Convera Beefs Up Content-Retrieval Product

The poorly timed venture, formed when Excalibur Technologies joined forces with Intel, has repositioned itself in the business market, and its latest product offering is an attempt to meet growing demands among enterprise customers.

InformationWeek Staff, Contributor

March 22, 2002

2 Min Read

Continuing its transition from an interactive services company into an enterprise-focused content-management vendor, Convera on Monday will release a version of its content-retrieval software that it says is the first to enable access to all forms of multimedia and text-based content. The update to Convera's RetrievalWare also features enhanced categorization, beefed-up security, and multilingual capabilities.

Convera was formed in December 2000 when Excalibur Technologies Corp. combined with Intel's Interactive Media Services division. The two companies intended to provide professional sports leagues and entertainment companies with the ability to produce and sell audio and video content online, but as consumer demand for such services has withered, Convera has repositioned itself in the business marketplace. Underscoring that development was the termination last September of the company's agreement to supply interactive services to the National Basketball Association. Shortly after ending that deal, Convera bought back $11 million worth of stock the NBA had acquired when the relationship was formed.

The enhancements to RetrievalWare are the result of customer feedback and demand, says Dan Agan, Convera's senior VP of marketing and corporate development. He says Convera's customers are facing growing multimedia libraries thanks to a rise in audio and video earnings announcements, E-learning content, and audio and video files captured in knowledge-management systems. Many customers also have expressed growing interest in ensuring the security of their content, as well as the need to access multiple-language content repositories around the globe, he says. Additionally, Agan says Convera's 35 customers in the intelligence communities all have seen increased need for searching multimedia files to support counterterrorism efforts in the wake of Sept. 11.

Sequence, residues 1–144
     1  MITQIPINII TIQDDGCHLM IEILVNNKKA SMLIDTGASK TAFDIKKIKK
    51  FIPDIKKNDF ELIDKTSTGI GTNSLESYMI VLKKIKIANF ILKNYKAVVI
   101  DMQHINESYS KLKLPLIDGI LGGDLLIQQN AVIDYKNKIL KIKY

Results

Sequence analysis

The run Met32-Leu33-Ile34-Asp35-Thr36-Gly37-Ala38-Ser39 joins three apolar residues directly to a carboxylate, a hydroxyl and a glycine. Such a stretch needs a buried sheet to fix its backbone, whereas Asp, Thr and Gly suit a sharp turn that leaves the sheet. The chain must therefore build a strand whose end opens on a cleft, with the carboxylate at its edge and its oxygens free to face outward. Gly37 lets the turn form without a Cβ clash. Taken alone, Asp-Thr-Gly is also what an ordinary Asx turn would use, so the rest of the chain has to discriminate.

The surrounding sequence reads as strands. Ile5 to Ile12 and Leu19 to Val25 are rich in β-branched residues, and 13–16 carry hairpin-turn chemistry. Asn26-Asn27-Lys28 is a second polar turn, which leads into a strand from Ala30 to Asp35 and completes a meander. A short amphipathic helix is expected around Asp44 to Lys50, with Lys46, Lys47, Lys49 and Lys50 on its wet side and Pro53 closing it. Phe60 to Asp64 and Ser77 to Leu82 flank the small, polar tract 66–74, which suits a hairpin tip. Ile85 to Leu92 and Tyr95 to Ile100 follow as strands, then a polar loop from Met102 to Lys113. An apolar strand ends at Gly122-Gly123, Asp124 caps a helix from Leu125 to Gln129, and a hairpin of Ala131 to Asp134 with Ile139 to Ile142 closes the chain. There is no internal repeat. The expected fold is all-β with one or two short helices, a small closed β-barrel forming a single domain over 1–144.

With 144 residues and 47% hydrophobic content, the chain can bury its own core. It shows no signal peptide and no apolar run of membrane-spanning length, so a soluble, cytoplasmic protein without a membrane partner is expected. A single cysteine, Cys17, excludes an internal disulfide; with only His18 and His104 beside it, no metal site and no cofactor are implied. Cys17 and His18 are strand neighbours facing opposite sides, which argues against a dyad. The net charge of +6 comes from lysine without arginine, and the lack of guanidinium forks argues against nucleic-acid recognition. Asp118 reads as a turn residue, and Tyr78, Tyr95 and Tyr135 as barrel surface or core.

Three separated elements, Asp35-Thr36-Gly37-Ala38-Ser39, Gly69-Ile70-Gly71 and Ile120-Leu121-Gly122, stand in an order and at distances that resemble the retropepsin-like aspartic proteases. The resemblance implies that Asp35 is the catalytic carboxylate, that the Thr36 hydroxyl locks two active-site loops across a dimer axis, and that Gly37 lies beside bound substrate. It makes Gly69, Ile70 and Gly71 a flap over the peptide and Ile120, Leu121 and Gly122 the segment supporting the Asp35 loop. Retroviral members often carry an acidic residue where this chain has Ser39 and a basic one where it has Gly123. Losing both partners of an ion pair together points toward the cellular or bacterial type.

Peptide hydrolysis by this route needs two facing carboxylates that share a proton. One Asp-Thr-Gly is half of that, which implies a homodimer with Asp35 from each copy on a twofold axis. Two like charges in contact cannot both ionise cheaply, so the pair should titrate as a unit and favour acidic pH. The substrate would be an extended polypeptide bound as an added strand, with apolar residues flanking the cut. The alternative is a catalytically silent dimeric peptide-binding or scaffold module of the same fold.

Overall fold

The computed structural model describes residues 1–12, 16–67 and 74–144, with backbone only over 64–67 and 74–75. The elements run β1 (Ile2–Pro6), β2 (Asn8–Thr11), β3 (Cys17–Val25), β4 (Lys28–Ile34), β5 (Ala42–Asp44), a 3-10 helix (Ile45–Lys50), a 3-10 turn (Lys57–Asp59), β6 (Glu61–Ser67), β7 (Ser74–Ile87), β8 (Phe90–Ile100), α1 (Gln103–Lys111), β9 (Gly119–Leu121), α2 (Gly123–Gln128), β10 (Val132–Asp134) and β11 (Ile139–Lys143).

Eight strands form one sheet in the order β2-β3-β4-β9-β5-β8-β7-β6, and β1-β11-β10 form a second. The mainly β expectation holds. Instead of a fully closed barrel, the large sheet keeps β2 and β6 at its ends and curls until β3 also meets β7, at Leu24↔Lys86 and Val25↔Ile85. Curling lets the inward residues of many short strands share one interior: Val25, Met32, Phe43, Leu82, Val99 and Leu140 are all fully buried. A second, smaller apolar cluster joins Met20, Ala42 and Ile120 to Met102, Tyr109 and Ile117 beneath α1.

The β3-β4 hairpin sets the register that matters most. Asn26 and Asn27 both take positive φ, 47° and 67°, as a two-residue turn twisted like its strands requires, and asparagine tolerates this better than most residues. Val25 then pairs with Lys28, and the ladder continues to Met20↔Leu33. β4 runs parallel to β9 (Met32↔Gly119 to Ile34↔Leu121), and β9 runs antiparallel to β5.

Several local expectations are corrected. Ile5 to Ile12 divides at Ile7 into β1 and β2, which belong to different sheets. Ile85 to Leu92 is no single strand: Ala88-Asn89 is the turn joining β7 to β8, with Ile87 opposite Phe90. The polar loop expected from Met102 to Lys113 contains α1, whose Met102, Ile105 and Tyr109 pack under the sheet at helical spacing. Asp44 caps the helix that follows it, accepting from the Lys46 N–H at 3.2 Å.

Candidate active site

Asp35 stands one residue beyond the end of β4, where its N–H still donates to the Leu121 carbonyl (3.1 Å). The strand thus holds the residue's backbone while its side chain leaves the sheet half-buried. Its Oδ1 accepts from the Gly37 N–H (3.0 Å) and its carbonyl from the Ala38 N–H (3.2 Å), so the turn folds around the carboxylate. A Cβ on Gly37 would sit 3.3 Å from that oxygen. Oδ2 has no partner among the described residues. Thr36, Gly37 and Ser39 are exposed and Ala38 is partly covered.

Convera can certainly use whatever revenue boost the latest product release can generate. For its year ended Jan. 31, the company reported a loss of $910.5 million, largely because of a one-time charge of $754 million stemming from the costs of its formation and the termination of the company's relationship with the NBA. Year-end revenue of $34.2 million marked a 34% decrease from the results Excalibur posted a year earlier.

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